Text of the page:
Keeping marriage fresh, finding space as a couple

- Hi Mary Jo,

I’ve been married for twenty plus years. How do I keep my marriage from growing stale?

Thanks, Keisha

Dear Keisha,

It’s normal for couples in long term relationships to go through periods of lesser and greater intimacy; just as you evolve and change, your relationship does, too. If you find yourself in a personal rut, your relationship will begin to feel stagnant. To avoid that situation, try these: 

  1. Create a couples bucket list. Make a list of things you’d like to try together as a couple and make it happen.
  2. Think outside the box with date night and begin sharing mini-dates. Even something as enjoyable as date night can become routine. Begin taking mini-dates, like going out for breakfast or meeting late afternoon for a coffee or tea. Changing up the routine creates excitement.
  3. Look for what you appreciate about your partner and tell them verbally. Couples who grow bored with each other focus on what they don’t like…not what they do.
  4. Work out together. It’s no surprise that couples who stay active together keep their relationship alive both physically and emotionally. When possible, go to the gym together.
  5. Attend marriage retreats. Your relationship is alive and continues to change. Couples who make an effort to grow their relationship and understand their partner keep it interesting. Attending retreats, listening to podcasts, and not being afraid to talk about issues will produce the most vibrant relationships. A good resource is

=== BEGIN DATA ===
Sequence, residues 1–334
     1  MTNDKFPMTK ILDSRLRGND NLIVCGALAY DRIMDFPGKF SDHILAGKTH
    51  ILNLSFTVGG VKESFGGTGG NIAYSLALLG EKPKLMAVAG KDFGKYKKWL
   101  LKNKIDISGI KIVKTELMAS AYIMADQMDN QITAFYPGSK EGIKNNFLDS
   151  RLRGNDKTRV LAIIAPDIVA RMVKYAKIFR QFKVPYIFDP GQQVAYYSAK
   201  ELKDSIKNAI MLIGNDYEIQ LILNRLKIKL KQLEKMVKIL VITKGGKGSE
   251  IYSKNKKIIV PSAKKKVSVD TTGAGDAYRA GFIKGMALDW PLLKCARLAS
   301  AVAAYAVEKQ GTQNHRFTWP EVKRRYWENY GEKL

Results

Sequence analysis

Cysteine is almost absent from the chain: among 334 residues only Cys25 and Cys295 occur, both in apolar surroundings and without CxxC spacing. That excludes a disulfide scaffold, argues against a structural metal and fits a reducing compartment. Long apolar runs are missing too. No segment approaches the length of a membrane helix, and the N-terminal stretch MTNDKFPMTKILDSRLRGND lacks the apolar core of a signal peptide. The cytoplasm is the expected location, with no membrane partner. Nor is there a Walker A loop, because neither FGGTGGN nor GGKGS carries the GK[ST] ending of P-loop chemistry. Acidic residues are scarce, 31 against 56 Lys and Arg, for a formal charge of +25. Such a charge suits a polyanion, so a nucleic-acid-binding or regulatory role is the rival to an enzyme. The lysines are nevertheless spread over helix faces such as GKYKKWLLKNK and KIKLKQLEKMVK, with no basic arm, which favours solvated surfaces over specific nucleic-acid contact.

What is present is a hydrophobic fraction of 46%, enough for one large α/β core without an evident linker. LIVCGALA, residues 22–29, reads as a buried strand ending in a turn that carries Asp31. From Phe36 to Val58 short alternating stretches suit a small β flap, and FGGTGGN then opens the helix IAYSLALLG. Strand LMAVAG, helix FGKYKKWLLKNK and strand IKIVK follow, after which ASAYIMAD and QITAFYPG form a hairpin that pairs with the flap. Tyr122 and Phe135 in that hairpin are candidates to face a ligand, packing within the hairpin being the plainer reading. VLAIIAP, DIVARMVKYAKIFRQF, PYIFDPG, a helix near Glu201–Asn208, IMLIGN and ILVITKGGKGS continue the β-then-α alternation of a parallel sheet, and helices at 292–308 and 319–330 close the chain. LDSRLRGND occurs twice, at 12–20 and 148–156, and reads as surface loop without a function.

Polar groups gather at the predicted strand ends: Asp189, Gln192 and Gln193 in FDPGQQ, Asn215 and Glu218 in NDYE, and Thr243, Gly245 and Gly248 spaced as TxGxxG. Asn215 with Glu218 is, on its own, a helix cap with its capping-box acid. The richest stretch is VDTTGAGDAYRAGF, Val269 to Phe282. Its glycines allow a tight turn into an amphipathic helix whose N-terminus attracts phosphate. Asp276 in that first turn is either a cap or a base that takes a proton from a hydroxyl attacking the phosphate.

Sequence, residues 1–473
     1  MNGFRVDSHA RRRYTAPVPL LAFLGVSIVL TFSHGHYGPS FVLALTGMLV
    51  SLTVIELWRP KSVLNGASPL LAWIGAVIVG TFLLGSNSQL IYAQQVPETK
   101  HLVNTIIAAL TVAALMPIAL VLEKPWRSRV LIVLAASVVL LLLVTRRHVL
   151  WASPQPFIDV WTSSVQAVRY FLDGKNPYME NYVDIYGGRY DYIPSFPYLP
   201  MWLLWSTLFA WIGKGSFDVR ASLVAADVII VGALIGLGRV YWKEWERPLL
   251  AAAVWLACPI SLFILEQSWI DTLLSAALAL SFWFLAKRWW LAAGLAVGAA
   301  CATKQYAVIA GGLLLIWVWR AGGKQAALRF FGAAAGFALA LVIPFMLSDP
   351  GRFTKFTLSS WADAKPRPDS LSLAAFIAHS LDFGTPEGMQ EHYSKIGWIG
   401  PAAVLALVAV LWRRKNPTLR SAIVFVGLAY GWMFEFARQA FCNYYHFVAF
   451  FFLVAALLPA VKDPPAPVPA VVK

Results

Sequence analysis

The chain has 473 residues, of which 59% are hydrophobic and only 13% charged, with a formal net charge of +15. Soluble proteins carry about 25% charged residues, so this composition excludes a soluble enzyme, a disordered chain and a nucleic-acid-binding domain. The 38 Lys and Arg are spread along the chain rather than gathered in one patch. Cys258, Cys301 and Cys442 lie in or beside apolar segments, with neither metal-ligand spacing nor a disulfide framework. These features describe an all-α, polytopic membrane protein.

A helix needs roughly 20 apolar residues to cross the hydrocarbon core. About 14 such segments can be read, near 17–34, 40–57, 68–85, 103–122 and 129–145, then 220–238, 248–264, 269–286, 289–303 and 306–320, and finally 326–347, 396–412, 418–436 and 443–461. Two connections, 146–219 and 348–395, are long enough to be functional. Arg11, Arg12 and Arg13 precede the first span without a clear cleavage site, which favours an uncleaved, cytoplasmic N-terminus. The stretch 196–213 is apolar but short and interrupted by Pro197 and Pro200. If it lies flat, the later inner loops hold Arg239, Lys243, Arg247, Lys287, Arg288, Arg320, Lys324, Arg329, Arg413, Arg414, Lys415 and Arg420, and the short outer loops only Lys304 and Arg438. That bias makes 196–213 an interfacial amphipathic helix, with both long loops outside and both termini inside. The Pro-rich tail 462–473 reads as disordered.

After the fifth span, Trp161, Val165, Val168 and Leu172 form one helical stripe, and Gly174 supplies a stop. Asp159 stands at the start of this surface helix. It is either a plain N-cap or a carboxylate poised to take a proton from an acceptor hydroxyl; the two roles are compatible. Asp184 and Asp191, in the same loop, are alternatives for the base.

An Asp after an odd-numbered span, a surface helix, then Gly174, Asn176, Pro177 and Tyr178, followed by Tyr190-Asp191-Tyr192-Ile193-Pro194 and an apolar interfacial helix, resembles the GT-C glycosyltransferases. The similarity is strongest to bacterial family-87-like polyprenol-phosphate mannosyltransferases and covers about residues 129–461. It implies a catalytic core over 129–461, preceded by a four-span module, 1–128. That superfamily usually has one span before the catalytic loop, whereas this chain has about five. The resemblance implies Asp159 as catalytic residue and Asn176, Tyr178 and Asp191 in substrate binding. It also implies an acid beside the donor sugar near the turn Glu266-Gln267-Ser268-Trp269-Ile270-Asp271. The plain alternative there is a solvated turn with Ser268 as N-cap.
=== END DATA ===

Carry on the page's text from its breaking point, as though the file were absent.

Hi Mary Jo,

How does a couple find space for themselves when they live in a very small, tight, and cramped home?

Thank you, Kathy

Dear Kathy,

This is a frequently asked question for couples who are having children or taking in elderly parents. Time alone is a universal need, and I suggest you begin by talking to your husband about creating a space for each of you. Here are a few ideas that can help:

  1. Find one area you can claim as your own. Both you and your partner should respect the space as belonging to you. It can be as small as a corner of a room where you have your favorite chair, table, and things arranged in a comforting way for you.
  2. Claim early morning or late evening as “your time” for mediation, answering emails, or catching up with favorite reading materials.
  3. 3. Take time out of the house for meeting friends, attending activities, and surrounding yourself with what makes you feel vibrant.
  4. Work to resolve issues sooner to prevent them from taking up too much space. Deal with the elephant in the room so you have more room.
  5. Appreciate the fact that you have less space to clean, a smaller yard to care for, and more contact with your partner. Couples who have downsized or live in smaller places report closer relationships and improved communication after they transition to the loss of space.
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